Risks Associated With Complementary And Alternative Medicine (CAM): A Brief Overview
Having grown up on a dairy farm, I am one of the least likely people to object to the deification of yogurt. However, as a critical thinker, I cannot help but resist the idea (promoted by some health sites) that probiotics are a reasonable alternative to chemotherapy in the treatment of colon cancer. And there are many other equally unhelpful claims being made all the time. Fish oil for ALS anyone?
What amazes me about the “cherry yoga” camp (as my friend Bob Stern likes to call it), is that they aggressively market CAM as “harmless” and “natural.” They point to the warning labels and informed consents associated with science-based medicines as evidence that the alternative must be safer. In reality, many alternative practices are less effective, and can carr
y serious risks (usually undisclosed to the patient). For your interest, I’ve gathered some examples of risks associated with common alternative practices that have been described by the CDC and in the medical literature:
Chiropractic Manipulations – Vertebral artery dissection and stroke, pediatric subarachnoid hemorrhage, paralysis, and misdiagnosed meningitis
Homeopathy – offered for malaria prophylaxis. All 5 contracted malaria. Offered in lieu of standard of care treatment for melanoma (patient died), colloidal silver causes permanent skin disfigurement.
All CAM – can result in delay of effective care, thus worsening outcomes for cancer patients and others.
Last night, a friend who I have not seen for a little while, asked me an important question. She was well aware of my blogging activities as my blog rss feed pipes through delicious and then twitter and onto my facebook account, or something. Why my fascination with criticising alternative medicine? A difficult question – and after a few pints and the energy for a one word answer, I responded “sport”.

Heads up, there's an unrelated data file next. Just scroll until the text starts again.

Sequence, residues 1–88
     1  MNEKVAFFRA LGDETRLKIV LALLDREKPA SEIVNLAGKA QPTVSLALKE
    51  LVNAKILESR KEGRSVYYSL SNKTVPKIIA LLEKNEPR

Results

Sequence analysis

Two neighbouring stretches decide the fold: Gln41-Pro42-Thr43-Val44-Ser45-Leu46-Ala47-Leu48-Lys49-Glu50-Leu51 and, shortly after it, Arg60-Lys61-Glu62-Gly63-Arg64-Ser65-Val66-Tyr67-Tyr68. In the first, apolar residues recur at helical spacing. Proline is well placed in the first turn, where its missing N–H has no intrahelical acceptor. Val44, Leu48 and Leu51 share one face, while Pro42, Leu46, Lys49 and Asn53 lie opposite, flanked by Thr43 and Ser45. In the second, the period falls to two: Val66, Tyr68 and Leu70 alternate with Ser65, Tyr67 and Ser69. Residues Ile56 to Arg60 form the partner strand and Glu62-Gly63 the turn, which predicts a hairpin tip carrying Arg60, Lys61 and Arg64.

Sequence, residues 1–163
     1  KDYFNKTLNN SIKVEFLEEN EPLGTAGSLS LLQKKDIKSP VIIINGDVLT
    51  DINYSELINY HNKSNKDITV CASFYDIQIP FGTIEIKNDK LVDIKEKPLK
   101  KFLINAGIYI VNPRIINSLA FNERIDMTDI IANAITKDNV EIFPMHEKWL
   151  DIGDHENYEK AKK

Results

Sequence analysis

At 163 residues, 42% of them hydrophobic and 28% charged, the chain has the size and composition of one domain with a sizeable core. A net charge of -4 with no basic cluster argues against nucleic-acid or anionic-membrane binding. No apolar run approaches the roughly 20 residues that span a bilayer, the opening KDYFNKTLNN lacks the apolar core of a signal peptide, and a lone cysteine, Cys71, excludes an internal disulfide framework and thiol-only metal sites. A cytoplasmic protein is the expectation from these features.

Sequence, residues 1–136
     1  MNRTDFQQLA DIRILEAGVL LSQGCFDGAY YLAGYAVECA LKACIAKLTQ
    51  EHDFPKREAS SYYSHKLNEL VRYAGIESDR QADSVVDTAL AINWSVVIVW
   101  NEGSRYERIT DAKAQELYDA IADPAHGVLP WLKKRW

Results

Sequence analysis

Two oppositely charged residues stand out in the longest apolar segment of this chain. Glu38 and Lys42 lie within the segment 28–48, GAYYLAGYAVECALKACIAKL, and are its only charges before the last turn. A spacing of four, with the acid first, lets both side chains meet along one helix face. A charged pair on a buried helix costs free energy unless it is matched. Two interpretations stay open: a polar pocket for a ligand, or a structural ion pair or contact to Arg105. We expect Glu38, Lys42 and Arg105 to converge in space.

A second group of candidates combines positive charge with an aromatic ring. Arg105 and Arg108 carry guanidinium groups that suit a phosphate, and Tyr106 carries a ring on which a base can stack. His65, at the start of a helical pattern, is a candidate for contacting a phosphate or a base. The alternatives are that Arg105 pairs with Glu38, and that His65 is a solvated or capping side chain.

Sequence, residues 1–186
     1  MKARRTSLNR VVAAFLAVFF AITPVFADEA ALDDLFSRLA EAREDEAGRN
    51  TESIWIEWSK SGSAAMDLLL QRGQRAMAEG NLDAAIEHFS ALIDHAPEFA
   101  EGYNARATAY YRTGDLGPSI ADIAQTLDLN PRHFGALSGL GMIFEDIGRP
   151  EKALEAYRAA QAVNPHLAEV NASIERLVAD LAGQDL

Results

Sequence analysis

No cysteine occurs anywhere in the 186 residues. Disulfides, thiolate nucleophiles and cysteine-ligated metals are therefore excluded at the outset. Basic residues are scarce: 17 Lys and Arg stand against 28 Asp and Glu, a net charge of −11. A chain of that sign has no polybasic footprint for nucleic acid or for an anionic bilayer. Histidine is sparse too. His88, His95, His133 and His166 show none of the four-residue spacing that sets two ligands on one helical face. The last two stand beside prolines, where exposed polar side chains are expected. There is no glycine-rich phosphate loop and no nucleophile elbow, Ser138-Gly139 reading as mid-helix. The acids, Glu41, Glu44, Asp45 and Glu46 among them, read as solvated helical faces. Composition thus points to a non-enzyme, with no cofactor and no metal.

Fortunately, a journalism student asked me some interview questions that allowed me the indulgence of providing a little more depth to my reasoning. I repost them here for the record after bashing them out whilst also trying to cook a mushroom stroganoff. The strog was a success. I hope these answers are also digestible.
Is there any e
vidence that alternative medicines work?
That depends on which alternative medicine you mean and what condition you want it to work for. It also depends on what you mean by ‘work’. A complex question. What we do know is that most alternative medicines are essentially inert – they have no specific effects. Homeopathy uses medicines so dilute that no medicine remains. Reiki is just a form of faith healing. Acupuncture is just sticking pins in your body at arbitrary points. Reflexology is just a foot massage. Bach Remedies are just dilute brandy. Practitioners may claim specific effects due to ‘quantum theory’ or Chinese Meridians and Qi, but these are just pseudoscientific explanations with no basis of evidence or rationality. Some therapies may have specific effects such as chiropractic, but the evidence suggest that this is only effective for lower back pain and then pain killers may be just as good, and much cheaper. A few herbs have been shown to have specific effects, but patients have no way of telling if their herbs contain the right amount of active ingredient and are not contaminated with other compounds.
Do you think there is any merit in using alternative medicines and
therapies or is it more of a danger to health?